Tiger Woods PGA Tour 2013
Publisher: Electronic Arts
Developer: Electronic Arts
Genre: Sports (Golf)
Release Date: 03/27/2012
Golf is a sport perfect for video game adaption. The structure of golf tends towards a solitary figure doing mental and physical combat with a series of holes, and feels something like a puzzle game. Honestly, after a year of playing Portal 2 off and on, golf seems more like a puzzle game than anything else. I’ve been a golf game fan since the VGA era and I was very excited to start my Tiger Woods PGA Tour 2013 career. The last game in the series I played was 2008 and that was on the Wii.
The first thing I noticed upon starting the game is the quality of the presentation. The production values are high and the money is on the screen. The horizontal menu bar is easy to navigate and the title headings are clearly written. This sort of thing might seem minor, but trust me, in a game like this, menu navigation is an important part of gameplay. The menu music is subtle and non-offensive, as it needs to be. I almost felt bad turning it off. Almost.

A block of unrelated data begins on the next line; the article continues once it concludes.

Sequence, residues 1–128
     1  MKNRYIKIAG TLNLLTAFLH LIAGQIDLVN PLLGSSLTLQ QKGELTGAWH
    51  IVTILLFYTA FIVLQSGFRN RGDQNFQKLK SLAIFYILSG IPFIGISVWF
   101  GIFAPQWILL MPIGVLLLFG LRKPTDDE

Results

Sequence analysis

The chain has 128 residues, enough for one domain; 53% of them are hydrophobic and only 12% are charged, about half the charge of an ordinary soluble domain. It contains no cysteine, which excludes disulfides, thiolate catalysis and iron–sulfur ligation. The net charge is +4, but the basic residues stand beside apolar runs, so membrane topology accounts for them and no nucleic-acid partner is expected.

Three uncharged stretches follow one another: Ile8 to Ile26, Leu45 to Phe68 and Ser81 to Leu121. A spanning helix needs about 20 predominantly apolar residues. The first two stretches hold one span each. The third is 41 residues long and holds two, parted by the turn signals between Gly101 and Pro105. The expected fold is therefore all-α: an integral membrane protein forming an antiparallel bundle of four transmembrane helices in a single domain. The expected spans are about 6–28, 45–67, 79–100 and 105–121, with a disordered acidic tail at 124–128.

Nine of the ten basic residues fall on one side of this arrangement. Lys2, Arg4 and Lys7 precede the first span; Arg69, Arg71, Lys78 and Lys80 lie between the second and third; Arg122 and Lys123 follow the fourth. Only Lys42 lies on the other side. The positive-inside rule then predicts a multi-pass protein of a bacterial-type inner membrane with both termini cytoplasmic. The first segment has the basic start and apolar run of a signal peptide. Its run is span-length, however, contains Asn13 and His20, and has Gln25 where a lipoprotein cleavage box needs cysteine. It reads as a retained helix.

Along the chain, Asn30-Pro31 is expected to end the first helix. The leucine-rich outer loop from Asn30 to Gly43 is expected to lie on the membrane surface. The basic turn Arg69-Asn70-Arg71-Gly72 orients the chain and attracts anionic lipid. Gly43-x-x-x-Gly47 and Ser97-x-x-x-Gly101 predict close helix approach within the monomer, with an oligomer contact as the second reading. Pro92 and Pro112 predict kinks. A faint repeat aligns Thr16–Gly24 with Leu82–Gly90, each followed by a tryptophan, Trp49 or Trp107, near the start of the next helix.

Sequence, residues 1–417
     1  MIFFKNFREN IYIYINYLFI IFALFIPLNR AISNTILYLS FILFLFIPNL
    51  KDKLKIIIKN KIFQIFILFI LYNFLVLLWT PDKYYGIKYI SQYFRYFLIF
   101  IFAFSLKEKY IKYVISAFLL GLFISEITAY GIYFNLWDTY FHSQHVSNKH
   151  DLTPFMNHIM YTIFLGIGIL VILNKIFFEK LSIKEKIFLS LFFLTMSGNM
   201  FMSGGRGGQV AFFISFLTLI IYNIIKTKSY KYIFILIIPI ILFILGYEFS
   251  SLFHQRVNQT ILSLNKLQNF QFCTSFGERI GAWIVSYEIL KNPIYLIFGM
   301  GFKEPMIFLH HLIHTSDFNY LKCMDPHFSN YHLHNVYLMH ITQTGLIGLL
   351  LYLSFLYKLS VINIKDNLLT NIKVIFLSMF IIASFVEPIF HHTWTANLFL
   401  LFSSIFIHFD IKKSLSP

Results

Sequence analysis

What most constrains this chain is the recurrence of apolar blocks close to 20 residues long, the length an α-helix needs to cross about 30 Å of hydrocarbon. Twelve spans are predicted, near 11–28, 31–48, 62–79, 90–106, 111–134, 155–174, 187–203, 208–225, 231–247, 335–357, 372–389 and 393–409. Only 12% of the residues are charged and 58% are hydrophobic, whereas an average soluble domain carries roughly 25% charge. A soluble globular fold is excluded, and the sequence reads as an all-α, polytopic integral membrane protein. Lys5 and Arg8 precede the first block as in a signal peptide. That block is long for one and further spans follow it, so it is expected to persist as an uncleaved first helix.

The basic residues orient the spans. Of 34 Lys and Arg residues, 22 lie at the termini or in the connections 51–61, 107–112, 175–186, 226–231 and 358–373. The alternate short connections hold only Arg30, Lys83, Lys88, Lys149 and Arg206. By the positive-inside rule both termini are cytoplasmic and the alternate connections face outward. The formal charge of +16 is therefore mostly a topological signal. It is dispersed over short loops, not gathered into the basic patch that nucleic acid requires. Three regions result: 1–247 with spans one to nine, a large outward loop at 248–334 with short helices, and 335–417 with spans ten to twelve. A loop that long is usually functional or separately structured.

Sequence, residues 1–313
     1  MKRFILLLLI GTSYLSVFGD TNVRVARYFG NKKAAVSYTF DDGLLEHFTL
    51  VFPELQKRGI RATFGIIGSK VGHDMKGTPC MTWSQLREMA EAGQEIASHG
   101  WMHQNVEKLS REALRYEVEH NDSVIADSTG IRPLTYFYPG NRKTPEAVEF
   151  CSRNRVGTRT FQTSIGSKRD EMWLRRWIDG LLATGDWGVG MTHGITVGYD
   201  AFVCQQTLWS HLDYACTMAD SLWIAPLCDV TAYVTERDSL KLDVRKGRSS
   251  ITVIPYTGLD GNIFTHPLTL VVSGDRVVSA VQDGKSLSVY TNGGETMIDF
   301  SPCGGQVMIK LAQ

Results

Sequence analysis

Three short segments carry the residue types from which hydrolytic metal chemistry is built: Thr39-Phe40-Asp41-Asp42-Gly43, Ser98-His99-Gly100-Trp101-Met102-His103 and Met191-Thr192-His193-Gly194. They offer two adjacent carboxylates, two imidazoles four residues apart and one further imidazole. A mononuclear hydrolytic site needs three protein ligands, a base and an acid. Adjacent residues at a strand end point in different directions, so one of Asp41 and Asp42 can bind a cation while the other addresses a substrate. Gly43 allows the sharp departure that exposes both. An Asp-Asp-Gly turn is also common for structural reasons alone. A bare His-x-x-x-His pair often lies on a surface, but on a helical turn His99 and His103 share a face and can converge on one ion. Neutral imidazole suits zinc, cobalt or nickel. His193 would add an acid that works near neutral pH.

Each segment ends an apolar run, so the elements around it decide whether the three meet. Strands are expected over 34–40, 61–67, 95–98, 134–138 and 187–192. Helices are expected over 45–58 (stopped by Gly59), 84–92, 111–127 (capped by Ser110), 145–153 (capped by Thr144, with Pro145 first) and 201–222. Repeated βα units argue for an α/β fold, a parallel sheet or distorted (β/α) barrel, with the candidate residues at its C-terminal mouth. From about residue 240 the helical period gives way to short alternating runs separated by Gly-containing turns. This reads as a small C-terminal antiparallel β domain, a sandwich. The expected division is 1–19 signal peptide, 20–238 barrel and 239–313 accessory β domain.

While navigating to the player creation screen, I was stricken by my first annoyance, which would prove to be my biggest. Every menu selection seems to require a loading screen. In the era of systems with hard drives, it is a major disappointment that there is no option to install some of the game’s assets on the system. I have half a terabyte in there just waiting to take the load off of the Blu Ray player, and it is a shame not to use it. Instead, there are frequent, irritating loading screens. While not a deal breaker, it feels like a step backward in video game development.